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Focus on philanthropy? There's a designation for that

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Sometimes a new perspective can make all the difference.

Jayne Grimes, CFP, and philanthropic specialist with Wells Fargo Private Bank in Dallas, says she had long "been frustrated by the disconnect between charities and financial advisors."

Kalita Blessing, a wealth manager and principal at Dallas-based Quest Capital Management, says too many wealth managers spend most of their time on the technical aspects of philanthropy and not enough time discussing the broader issues and the social changes clients want to make. As a result, she says, clients are short-changed.

Both hold the Chartered Advisor in Philanthropy designation and give high marks to the program for equipping them to more intelligently advise their wealthy clients and families on the larger issues of philanthropy.


The CAP program builds on the large body of financial knowledge planners already have, and adds another layer of expertise, says Phil Cubeta, CAP and the ChFC Wallace chair in philanthropy, who heads up the CAP program at the American College of Financial Services in Bryn Mawr, Pa. The program enables advisors to distinguish themselves from the competition by not only serving the donor and the donor's family but also helping them achieve a positive impact on the community.

Cubeta says the program is designed to cross all relevant disciplines, making it appropriate for financial advisors, wealth managers, attorneys, CPAs and representatives from nonprofit organizations who work with wealthy people.

"They come together to learn how to collaborate with each other to better serve wealthy families interested in philanthropy and helping their communities," says Cubeta.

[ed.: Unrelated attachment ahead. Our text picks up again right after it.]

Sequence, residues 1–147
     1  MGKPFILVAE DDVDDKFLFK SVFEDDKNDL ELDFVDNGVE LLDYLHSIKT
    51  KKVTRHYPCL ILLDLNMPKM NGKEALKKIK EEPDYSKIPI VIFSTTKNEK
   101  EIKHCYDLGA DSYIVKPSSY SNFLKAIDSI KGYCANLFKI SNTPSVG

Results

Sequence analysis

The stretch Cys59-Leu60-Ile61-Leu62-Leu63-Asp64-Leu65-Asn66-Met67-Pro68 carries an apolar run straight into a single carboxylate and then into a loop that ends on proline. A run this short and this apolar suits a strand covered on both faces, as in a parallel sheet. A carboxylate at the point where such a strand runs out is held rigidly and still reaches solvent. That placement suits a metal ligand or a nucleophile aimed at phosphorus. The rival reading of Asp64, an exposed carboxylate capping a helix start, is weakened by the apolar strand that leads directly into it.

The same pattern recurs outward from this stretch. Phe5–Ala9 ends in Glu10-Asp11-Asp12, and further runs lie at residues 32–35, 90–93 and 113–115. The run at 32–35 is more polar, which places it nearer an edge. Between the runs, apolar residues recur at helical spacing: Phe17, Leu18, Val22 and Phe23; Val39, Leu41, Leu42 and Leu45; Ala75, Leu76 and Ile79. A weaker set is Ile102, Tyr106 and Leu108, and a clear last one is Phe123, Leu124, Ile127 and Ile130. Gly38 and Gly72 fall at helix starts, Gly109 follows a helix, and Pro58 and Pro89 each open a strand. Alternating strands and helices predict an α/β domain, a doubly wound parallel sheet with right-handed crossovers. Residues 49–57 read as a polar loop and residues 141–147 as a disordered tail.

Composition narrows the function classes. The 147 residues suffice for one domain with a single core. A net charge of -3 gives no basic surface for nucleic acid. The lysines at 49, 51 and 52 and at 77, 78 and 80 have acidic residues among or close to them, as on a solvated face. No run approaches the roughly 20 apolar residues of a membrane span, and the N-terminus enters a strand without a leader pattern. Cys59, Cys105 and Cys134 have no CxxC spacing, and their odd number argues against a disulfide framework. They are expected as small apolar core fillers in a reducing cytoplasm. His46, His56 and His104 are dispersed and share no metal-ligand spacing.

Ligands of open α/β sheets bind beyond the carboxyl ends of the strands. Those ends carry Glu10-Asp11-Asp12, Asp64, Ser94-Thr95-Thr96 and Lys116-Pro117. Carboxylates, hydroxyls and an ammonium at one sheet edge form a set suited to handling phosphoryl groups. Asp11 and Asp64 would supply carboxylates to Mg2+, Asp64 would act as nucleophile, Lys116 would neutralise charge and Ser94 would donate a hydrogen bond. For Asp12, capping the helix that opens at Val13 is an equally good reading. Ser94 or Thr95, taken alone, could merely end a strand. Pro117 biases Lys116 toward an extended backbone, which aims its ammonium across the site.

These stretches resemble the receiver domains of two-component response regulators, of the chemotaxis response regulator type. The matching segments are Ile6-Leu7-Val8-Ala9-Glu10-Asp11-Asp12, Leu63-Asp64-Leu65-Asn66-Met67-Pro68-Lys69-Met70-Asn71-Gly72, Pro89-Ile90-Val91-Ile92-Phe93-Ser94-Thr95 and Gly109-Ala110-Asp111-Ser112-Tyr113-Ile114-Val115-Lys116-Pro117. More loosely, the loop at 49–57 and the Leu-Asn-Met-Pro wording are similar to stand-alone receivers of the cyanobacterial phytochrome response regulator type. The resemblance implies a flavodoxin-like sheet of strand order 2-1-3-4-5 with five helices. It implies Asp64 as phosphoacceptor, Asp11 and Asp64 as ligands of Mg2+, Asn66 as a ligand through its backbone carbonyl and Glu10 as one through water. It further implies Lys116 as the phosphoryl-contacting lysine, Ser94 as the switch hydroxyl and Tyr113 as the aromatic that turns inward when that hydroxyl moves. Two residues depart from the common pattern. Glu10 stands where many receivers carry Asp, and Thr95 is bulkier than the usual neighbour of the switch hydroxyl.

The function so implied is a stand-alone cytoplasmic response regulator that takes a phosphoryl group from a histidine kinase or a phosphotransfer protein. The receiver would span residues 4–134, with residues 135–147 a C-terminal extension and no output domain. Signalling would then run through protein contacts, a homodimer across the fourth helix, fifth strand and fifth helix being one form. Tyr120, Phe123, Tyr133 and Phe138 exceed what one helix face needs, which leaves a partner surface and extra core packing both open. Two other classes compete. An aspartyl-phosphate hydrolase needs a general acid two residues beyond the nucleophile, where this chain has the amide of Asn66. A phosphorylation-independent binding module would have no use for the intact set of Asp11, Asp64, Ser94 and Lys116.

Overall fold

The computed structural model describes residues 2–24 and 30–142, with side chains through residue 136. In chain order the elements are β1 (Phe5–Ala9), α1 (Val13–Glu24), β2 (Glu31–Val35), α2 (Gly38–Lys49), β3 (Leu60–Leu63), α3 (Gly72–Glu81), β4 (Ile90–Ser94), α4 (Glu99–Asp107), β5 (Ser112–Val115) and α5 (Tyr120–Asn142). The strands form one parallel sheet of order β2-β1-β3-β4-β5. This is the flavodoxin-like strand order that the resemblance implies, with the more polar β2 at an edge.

The curriculum is separated into three courses consisting of about 10 assignments each. The assignments include courses students can take online.

More CAP study groups are springing up in cities and towns around the country, Cubeta says. At any given time, at least 10 to 15 are in progress.

Since 2003, the program has conferred the masters-level CAP designation on approximately 1,100 professionals, including 185 last year. About two-thirds of those holding the distinction are advisors, with the rest coming from the ranks of gift planners and fund-raisers for not-for-profits.


Both Blessing and Grimes say the CAP program has helped to elevate their conversations about philanthropy with their wealthy and philanthropically-minded clients. "You’re better able to start discussions by asking a client where he or she wants to have maximum impact or what social change he or she wants to make," says Blessing.

Almost equally important, she says, is the connections that she made with other like-minded professionals in the community. "We learn each other’s perspective so we can work better on cases together."

Likewise, Grimes says the CAP program has given her insights into philanthropic planning, enabling her to ask "the right questions to both charities and individual clients and explore the real concerns and opportunities each has."

Bruce W. Fraser is a financial writer in New York and a contributor to Financial Planning magazine.

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